10 Things You Can Do to Dramatically Speed Up Your Spanish Language Learning Process


1. Spend more time studying the grammar

Really, grammar is super important, and it’s fun; think of it as the logic behind the language. You probably enjoy watching videos and reading articles about how things work; studying grammar is kind of the same, it’s learning how a language, an incredibly complex system of human communication, works.

2. Watch A LOT of TV

If you study the grammar in depth and you watch a lot of TV, and you do those two things for 2-3 years, your Spanish language skills will be pretty much amazing. Watching TV is a great way to learn vocabulary, connect grammar to syntax and phonetics, and improve your listening skills, all of that while lying on your couch!

3. Don’t get frustrated

If it’s not your first language, there’s no reason why you should know how to phrase things properly without learning previously well, how to phrase things. There are thousands of languages in the world, and they all have their own weird constructions, idioms, cultural components, etc. Most of us can only communicate properly using one. Being able to communicate in a second language in spite of the limitations you may have is already a great thing, don’t get frustrated if you can’t do it as easily as you do it in your first language, it’s just normal!

4. Try to imitate the accent

Find a mirror and try to talk to the person on the other side of it like you are from Medellín. Exaggerating the accent (as if you were acting) is a great way to actually get the accent right. For most people, this feels a little awkward, but, really, if you can overcome your fears of sounding silly, and you try to imitate the way people speak (even if you can’t get it 100% right) your Spanish will sound way better. (You don't really need to do it in front of the mirror, though!)


A student putting on a performance in front of a mirror.

A student putting on a performance in front of a mirror.



5. Don’t be too worried about making mistakes

Making mistakes when you’re speaking a second language is perfectly normal. There’s no way for you to know how to say or phrase a lot of things if you haven't spoken the language intensively for several years, and you should take a curiosity-driven approach to your learning process (as in “it’s so cool that I learn new terms and expressions every day”) instead of a self-flagellating approach (as in “oh no, I make so many mistakes all the time”).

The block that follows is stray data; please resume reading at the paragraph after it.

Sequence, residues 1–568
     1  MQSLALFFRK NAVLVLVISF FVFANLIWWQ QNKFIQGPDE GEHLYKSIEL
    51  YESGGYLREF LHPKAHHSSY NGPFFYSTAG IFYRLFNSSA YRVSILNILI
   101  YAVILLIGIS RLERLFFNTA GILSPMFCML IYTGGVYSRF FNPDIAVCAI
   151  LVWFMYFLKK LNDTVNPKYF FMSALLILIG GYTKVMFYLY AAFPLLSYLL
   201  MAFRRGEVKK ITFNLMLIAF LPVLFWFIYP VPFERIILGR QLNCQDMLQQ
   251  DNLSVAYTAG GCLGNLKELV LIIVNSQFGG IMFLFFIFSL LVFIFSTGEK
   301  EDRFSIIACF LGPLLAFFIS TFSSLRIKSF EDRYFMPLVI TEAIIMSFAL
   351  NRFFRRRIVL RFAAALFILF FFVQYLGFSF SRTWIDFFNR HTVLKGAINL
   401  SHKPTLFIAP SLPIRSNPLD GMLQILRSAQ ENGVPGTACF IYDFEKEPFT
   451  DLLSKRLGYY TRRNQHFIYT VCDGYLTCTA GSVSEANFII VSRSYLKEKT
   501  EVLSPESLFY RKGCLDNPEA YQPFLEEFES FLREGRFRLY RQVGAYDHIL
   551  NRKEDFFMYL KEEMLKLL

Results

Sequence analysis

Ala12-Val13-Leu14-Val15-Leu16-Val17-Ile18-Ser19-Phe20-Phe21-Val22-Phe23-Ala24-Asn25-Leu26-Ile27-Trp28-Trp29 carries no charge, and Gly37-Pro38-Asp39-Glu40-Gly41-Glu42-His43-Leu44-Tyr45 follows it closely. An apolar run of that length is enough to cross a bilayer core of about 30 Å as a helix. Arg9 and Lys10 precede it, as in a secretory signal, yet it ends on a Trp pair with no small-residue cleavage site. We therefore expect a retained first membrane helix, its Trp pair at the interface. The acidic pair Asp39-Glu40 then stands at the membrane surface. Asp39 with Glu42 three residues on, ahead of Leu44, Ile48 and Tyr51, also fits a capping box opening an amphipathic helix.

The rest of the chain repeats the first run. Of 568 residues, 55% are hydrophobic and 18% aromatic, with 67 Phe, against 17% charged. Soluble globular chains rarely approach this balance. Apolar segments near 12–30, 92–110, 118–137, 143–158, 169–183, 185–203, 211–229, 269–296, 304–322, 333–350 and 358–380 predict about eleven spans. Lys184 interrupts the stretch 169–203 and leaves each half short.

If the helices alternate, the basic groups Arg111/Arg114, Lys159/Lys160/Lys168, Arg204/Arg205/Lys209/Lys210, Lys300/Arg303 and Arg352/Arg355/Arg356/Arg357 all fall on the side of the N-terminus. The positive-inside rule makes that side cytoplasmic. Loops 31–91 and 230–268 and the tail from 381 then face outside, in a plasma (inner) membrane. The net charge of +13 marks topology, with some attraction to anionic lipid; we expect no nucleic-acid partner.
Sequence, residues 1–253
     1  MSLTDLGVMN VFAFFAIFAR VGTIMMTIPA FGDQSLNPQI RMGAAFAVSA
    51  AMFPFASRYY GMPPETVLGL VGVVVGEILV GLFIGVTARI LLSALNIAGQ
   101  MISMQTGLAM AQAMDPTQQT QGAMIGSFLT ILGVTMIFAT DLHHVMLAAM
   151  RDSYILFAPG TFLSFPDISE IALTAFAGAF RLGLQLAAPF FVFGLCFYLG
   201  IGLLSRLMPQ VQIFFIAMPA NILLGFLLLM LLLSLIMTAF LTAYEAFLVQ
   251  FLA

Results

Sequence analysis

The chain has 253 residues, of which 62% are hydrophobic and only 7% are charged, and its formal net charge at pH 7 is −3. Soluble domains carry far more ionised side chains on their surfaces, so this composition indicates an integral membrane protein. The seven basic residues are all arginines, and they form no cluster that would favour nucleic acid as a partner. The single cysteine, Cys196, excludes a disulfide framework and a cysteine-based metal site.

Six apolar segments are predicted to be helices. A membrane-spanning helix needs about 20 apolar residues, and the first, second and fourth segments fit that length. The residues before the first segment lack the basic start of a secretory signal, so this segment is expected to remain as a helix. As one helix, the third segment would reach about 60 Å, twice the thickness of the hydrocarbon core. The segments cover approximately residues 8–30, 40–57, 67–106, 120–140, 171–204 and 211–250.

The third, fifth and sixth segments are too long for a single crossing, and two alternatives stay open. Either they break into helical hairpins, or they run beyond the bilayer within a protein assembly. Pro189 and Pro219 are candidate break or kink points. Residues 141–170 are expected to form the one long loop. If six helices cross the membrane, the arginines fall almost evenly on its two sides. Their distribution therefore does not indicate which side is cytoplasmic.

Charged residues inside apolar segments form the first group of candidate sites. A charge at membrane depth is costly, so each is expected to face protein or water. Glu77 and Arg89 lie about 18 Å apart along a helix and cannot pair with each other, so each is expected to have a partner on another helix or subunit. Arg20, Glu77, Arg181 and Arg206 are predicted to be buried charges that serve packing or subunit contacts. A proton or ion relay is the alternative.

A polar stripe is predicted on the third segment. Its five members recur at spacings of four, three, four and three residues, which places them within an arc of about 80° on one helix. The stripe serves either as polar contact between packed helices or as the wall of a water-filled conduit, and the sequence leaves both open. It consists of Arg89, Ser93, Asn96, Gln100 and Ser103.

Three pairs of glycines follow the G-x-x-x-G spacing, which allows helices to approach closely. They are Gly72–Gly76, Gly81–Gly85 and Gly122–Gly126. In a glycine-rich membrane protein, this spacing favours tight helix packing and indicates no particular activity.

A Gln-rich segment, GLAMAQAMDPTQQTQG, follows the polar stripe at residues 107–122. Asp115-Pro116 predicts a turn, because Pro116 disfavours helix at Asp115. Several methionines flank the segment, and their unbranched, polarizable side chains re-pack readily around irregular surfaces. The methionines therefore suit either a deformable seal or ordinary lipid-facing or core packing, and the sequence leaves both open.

6. Give verb conjugations the importance they deserve

Most mistakes happen in verb conjugations. If you constantly drill them in your head, all the time, for all major tenses, and you know how to use those tenses properly, you will dramatically reduce the amount of mistakes you make.

7. Think “about” Spanish often

That’s right, not only “in Spanish” but “about Spanish”: think about the way people talk, think about all those interesting expressions that are so different from English, think about the subjunctive, the pronouns, ser and estar… Thinking about those things a lot will help you master those things, and they will eventually come out naturally when you have to use them in a conversation or an essay.

8. Read A LOT

People who read a lot in their native language have a wider span of vocabulary. Obviously, the same thing happens with a second language: people who read a lot in their second language have a notably wider vocabulary than people who don’t. You can read anything: magazines, newspapers, forums about a topic you like, books, blogs… You’ll learn a lot, especially if you find material that’s interesting or important to you.

9. Set your computer, phone, tablet, Facebook account and email server’s language to Spanish

This is something very easy to do. After you’ve done it, you’ll learn a lot of terms by literally doing nothing you don’t already do. You'll learn many new verbs and nouns while you check your phone, send text messages, open, read and answer your email, etc.




10. Talk to people

Last but not least: by talking to people in Spanish, you’ll undoubtedly become better at talking to people in Spanish. And how can you find people you can talk to in Spanish? Here are some ideas: you can go to online-organized meet-ups, you can meet with your classmates, you can take conversation classes at Berges, you can hang out at places where a lot of Spanish is spoken and make new friends, you can travel to Spanish-speaking countries, or you can find someone who speaks Spanish and wants to improve their English and set up language exchange sessions (there are a lot of places on the internet for doing this, you can just google “language exchange”).

To sum it up

If you start doing all these things, your Spanish language skills will dramatically improve in just a few months. If you keep doing them for a few years, your Spanish will end up being amazing. There’s really no secret: to speak at an advanced level, you need to have a lot of vocabulary, you need to know how to build sentences, you need to know how to use verbs properly in all major tenses, you need to have a decent accent, and you need to have a strong cultural knowledge to back everything up.  

What do you think?

Are you already doing some of these things? If not, which one are you going to do first?